My mother tells a story of being a toddler in the Midlands during World War Two, held in her mother’s arms in the back garden watching beautiful orange lights in the sky. But her mother didn’t find them beautiful: she was crying. “It’s Coventry” she said. “It’s Coventry.” 

Twenty-two years later, the new Coventry Cathedral saw the premiere of Britten’s War Requiem. It’s hard to imagine now the frisson of that first performance, in front of an audience many of whom will have remembered or even fought in World War One. The frisson that came, too, from its being sung by Fischer-Dieskau the Wehrmacht conscript and Pears the conscientious objector, and with the Cold War preventing the scheduled soprano from appearing.

Now we are significantly further from that premiere than it was from the Great War, and humanity’s desire to fight itself is as fervent as ever. Daniel Kramer’s staged production of the Requiem, which opened last night at ENO, sets itself a huge task in attempting to reflect the enormity of conflict, and despite some wonderful moments, it doesn’t quite succeed.

The headline news for this production is probably the stage design debut of the Turner Prize winning visual artist Wolfgang Tillmans, and his contribution encapsulates the successes and failures of this production. The aesthetic of the production, built around photograph and video projections, is stunning. It all looks staggeringly beautiful.

An image of the old, ruined Coventry Cathedral goes into closer and closer focus until the stage is dominated by a grassy stone. We pull in further, until the sprigs of grass resemble an overgrown battlefield. Later there are close ups of flowers, waves foaming onto a shore, dawn-tinted clouds. A sudden flurry of snow behind a gauze is breathtaking.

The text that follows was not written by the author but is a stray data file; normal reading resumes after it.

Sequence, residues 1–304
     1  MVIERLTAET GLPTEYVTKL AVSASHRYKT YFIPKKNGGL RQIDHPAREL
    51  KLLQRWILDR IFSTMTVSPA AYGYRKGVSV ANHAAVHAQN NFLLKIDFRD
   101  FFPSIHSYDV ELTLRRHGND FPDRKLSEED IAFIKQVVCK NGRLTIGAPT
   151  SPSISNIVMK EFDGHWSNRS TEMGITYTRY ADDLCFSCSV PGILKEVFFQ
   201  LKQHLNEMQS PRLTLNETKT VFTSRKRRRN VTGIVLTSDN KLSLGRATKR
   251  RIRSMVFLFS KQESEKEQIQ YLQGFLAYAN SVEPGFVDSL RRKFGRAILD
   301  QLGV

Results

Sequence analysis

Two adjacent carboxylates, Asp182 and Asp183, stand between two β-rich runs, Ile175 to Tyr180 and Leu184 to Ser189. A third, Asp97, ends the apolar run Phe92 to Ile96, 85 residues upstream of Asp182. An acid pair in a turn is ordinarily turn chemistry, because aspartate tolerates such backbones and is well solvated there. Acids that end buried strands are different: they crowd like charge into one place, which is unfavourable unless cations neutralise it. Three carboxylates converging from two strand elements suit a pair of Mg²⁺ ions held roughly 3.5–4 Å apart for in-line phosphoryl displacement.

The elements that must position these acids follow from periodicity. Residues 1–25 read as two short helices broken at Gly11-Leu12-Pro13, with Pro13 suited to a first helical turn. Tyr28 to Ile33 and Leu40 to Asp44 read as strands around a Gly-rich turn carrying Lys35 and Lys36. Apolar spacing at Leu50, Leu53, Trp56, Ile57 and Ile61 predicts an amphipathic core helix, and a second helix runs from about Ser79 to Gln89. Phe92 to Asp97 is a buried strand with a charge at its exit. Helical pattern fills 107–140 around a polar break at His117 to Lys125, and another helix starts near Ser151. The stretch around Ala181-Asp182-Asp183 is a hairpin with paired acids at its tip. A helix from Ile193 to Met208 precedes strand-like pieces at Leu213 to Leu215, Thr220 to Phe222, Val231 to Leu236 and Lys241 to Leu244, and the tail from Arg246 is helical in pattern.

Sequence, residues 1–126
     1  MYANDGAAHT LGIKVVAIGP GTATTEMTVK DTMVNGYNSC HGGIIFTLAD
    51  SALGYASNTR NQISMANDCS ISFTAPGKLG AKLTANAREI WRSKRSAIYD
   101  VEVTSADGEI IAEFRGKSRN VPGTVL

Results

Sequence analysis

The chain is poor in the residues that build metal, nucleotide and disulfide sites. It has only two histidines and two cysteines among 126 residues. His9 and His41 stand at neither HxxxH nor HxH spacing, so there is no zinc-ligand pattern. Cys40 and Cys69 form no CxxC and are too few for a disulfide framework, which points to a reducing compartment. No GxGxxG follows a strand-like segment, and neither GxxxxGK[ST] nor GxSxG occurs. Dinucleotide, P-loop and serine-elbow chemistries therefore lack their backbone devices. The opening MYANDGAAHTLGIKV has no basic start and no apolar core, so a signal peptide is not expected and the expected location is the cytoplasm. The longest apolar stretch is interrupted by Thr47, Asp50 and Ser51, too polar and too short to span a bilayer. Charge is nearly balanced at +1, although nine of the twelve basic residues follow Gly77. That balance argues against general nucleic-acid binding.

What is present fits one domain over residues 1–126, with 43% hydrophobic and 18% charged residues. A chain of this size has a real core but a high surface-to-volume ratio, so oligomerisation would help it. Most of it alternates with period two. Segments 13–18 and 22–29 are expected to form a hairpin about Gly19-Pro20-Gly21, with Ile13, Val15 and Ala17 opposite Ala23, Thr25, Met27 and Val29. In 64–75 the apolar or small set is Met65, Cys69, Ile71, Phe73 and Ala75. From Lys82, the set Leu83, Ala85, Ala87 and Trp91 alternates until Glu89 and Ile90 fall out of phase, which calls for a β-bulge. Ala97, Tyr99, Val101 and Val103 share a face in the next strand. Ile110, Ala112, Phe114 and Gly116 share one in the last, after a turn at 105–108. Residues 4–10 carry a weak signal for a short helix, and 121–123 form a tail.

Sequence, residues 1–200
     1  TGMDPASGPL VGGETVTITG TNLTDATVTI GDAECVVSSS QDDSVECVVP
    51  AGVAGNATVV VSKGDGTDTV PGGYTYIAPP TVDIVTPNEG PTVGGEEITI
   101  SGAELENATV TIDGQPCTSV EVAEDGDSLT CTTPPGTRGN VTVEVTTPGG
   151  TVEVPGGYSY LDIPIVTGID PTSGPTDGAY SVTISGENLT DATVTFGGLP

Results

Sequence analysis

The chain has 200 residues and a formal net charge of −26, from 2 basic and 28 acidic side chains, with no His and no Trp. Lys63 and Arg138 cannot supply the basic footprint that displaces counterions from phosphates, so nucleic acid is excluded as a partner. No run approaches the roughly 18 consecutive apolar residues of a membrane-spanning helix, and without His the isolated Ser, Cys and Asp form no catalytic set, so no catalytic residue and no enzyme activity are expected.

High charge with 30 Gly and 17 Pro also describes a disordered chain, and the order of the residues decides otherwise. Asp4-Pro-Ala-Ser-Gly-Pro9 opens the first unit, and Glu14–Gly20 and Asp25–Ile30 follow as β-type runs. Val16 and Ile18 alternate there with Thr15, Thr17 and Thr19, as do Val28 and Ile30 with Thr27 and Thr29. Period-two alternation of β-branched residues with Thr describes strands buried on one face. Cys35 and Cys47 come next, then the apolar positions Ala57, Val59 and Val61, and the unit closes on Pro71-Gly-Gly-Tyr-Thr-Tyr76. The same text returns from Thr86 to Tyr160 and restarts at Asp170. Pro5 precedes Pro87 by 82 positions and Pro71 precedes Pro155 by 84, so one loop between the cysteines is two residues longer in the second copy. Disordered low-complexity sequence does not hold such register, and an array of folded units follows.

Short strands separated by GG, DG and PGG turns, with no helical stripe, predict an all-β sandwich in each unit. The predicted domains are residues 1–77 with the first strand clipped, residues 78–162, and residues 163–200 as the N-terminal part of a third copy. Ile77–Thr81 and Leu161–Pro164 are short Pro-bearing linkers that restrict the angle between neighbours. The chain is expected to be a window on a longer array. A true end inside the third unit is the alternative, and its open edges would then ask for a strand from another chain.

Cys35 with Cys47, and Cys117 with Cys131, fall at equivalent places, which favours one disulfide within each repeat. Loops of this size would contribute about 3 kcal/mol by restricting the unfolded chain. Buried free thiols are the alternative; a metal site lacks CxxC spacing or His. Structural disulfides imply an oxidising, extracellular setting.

Other images fare less well. What appears to be a information billboard for a charity helping the victims of Srebrenica appears, jarringly, in the background of one scene. It’s not clear whether it’s intended to be an actual billboard in the world of the characters, or a garish reminder of recent horror.

A grave, which appears suddenly and shockingly in the snowscape, contains a stage lift, which the pallbearers walk across to get into position, before the lift descends to make room for the casket.

These lapses in logic aside, the effect is soothing because the images are so starkly gorgeous; and surely, this work should not soothe. Britten famously used Owen’s words “in war, all a poet can do is warn” as his inspiration. Tillmans isn’t warning, he’s painting.